Well if the title doesn’t say it all…Picking up where Alien vs. Predator left off those pesky aliens cause the Predator ship to crash on Earth setting them free near a Colorado town. A lone Predator (Ian Whyte encoring from AvP) comes to Earth to clean up the mess and what the hell maybe pick up a few human trophies too. Needless to say the town’s human residents are completely unprepared for this sort of inter-galactic free-for-all on their streets. This is after all the sort of town where everybody knows everybody but no one seems to notice when a spaceship crashes in the woods outside of town or when the self-same spaceship blows up the next day. In short you could say that they get what’s coming to them--and they sure do. Pretty dreadful all around. Then again Shane Salerno’s script is pointless to begin with. Steven Pasquale (TV’s Rescue Me) plays the ex-con hero Dallas (a nod to the original Alien). Reiko Aylesworth (TV’s 24) plays a veteran of the Gulf War who returns stateside just in time to engage in another one--a pretty pale homage to Sigourney Weaver’s Ripley character. John Ortiz plays the local sheriff one of the dullest (and dumbest) screen lawmen in recent memory. Veteran Robert Joy drops in briefly as a weasely U.S. Army colonel who would just as soon nuke the town as try to save it. Every time this film focuses on the (one-dimensional) human characters it stops cold. Unfortunately this happens a lot. There’s no reason to root for them because you simply don’t care. True to form most of them are sliced diced chopped lasered exploded from within and otherwise treated in a shabby fashion. They are simply fodder. Just for the record this is the sixth Alien film and the fourth Predator film and it holds the dubious distinction of being the worst of any of them. The special effects are just dandy but not much else is. This also marks the inauspicious feature directorial debut of noted visual effects artists Colin and Greg Strause (billed as “The Brothers Strause”). They clearly have an affinity for this sort of thing--and for the Alien and Predator franchises--but are just as clearly content to simply let the special effects run away with the story. The first Alien vs. Predator movie was no great shakes but it was better than it had any right to be. This one is not. Responding to the fans who wanted this film to be R-rated the Brothers Strause have delivered on that--and absolutely nothing more. It’s a pointless exercise.
Like Madagascar the story starts at the New York Zoo. Samson (Kiefer Sutherland) the lion is once again the star of the show but unlike Madagascar’s Alex Samson claims he came from the wild. He regales the other odd assortment of zoo denizens--including a talkative giraffe (Janeane Garofalo) a lisping anaconda (Richard Kind) a snarky Koala (Eddie Izzard) and a take-charge squirrel (Jim Belushi)--with tales of danger and excitement abroad. Of course Samson can’t tell the real truth that he was actually born in captivity and is making it all up because everyone including his rebellious teenage son Ryan (Greg Cipes) would think less of him. But when Ryan runs away thinking he can’t live up to his dad’s reputation and is mistakenly shipped off to the wild Samson has keep up the charade as the gang embarks on a dangerous mission to rescue him. The lion does come clean at some point in case you were wondering. Another vocal roster of big names another dollar. This time around we’ve got Sutherland Garofalo Belushi all doing the animal thing. There’s also William Shatner as a villainous wildebeest headed for the loony bin after deciding he’s tired of being the prey and turns predator. He’s even got his herd of wildebeest dancing a Busby Berkeley number around a volcano á la Lion King. Sigh. Luckily there is one saving grace--sort of: Izzard as the wisecracking Koala bear Nigel who gets mistaken for a god by the wildebeest and milks it for all its worth which isn’t a whole lot. Still if anyone has seen the British comedian’s hilarious HBO special Eddie Izzard: Dressed to Kill you can just imagine him strutting around as a Koala dressed in women’s clothing and doing his shtick. The Mouse House once again proves it doesn’t have an inventive bone in its body--or even the gumption to realize that had something with potential. Apparently the pitch from writers Mark Gibson and Philip Halprin had been mulling around Disney for about nine years before it got made giving the likes of Nemo and Madagascar a head start (I’d be peeved if I were those writers). But even if The Wild did come first it still wouldn’t be able to measure up mostly because the story is insipid. Wildebeest turning into predators? What’s THAT all about? The CGI-animation is spot on of course but we are definitely taking all of that for granted these days. No now what we want is a good compelling story. If not that then at least we should have a couple of really funny characters--like commando penguins or a fish with short-term memory--to help things move along. The Wild doesn’t have either so while children may be left mildly entertained for an hour and a half parents will be left twiddling their thumbs waiting for it to be over.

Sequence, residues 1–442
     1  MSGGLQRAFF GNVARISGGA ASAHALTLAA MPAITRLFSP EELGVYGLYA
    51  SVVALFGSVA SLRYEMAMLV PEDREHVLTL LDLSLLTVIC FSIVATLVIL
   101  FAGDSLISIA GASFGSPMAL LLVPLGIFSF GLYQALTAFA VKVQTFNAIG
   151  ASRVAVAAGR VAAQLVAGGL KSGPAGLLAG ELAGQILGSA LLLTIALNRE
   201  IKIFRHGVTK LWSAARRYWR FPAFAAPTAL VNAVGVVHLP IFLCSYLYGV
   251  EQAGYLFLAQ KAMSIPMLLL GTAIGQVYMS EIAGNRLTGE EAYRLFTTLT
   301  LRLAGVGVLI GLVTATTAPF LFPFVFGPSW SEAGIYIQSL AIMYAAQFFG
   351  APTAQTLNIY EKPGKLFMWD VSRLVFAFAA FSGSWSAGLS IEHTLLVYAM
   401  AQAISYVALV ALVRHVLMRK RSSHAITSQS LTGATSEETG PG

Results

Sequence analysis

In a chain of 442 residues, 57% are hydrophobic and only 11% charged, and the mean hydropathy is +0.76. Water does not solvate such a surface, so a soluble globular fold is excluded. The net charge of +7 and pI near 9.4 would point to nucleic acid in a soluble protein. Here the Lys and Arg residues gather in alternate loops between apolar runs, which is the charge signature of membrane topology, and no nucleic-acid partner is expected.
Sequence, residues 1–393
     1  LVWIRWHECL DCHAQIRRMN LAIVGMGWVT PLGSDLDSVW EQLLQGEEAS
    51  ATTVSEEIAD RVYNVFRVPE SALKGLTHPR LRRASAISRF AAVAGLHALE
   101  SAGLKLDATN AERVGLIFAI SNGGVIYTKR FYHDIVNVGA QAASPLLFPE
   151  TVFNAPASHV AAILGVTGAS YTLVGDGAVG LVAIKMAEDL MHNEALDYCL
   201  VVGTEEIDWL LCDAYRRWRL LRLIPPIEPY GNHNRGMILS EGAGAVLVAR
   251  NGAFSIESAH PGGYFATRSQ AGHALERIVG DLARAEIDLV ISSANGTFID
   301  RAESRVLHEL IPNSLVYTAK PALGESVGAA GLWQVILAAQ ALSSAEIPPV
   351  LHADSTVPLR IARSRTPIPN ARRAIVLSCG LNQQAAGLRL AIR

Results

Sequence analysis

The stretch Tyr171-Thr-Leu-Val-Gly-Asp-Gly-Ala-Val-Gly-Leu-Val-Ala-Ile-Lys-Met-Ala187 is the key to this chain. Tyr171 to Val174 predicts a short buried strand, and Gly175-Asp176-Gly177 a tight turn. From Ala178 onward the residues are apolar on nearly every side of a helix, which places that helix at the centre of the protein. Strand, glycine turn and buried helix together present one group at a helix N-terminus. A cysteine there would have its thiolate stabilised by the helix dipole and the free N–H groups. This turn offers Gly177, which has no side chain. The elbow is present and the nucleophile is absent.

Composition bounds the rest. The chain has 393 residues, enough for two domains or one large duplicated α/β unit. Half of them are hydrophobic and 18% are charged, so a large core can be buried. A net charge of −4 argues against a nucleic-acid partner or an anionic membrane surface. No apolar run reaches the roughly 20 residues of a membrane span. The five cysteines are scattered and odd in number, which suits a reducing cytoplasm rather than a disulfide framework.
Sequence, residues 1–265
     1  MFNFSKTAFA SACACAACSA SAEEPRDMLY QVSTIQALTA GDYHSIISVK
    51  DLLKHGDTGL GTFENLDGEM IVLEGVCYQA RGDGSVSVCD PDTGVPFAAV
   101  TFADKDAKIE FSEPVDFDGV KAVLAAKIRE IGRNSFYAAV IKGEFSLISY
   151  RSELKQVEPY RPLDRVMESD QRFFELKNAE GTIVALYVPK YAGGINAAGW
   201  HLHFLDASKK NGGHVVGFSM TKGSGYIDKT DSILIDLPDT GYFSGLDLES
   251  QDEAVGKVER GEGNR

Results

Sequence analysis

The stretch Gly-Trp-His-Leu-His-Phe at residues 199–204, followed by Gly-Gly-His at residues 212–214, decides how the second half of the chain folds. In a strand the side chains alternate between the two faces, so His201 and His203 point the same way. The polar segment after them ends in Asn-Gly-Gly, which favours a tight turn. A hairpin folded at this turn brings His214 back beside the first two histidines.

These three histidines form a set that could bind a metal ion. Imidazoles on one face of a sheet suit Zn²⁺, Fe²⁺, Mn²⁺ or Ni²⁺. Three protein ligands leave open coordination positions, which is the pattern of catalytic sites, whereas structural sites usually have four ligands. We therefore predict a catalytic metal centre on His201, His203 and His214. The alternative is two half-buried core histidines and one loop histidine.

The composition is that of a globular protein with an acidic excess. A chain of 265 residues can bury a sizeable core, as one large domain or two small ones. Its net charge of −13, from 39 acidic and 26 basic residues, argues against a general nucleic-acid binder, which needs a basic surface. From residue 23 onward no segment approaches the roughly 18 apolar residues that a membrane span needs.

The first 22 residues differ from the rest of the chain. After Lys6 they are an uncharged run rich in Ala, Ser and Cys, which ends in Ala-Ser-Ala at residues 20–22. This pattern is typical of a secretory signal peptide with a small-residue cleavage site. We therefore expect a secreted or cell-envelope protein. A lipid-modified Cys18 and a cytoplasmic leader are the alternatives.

The story of the late great Johnny Cash depicted in Walk the Line is not quite all encompassing. The film dramatizes just one moment in Cash's life: his tumultuous 20s and rise to fame. The young Cash (Joaquin Phoenix) married and straight out of the army struggles with his music finally finding his patented blend of country blues and rock music. Haunted by a troubled childhood Cash sings songs about death love treachery and sin--and shoots straight to the top of the charts. On tour he also meets and falls for his future wife June Carter (Reese Witherspoon) whose refusal to meddle with a married man only further fuels the fire and contributes to his eventual drug addiction. Their cat-and-mouse love story provides the film’s core but unfortunately can’t quite overcome Walk the Line’s formulaic nature. Biopics are generally good to actors. Phoenix and Witherspoon could easily each walk away with Oscar statuettes for turning in two of the most jaw-dropping spellbinding performances since well Jamie Foxx in Ray. Neither actor had any musical background whatsoever but they both underwent painstaking transformations for the sake of authenticity doing all of their own singing as well as guitar-playing for Phoenix. The actor's performance is purely raw and visceral; his vulnerability is aptly palpable at first but then he becomes the Cash with the unflinching swagger. Witherspoon's Carter is Cash's temptress and she'll be yours too by movie's end. She eerily reincarnates Carter as if she was born to play the part. If Walk the Line is the ultimate actor's canvas then Phoenix and Witherspoon make priceless art-and music-together. While good for the actors biopics can prove to be difficult for the director. It’s hard to highlight a person’s life without it coming off like a TV movie of the week. Unfortunately director James Mangold (Copland) plays it safe with Walk the Line. The duets between Johnny and June on stage are about the only electrifying moments of the film. The rest is pretty stereotypical. And it isn’t because the film only focuses on certain years of Cash's life. It's simply not possible to fit a lifetime into the short duration of a film. The problem instead is that Mangold's presentation of Cash's life would lead one to believe that Cash actually exorcised his demons. But in reality his lifelong demons are what endeared him to the layperson. There was nothing cut and dry about the Cash story--and adding a little grit would have given Walk the Line the edge it needed.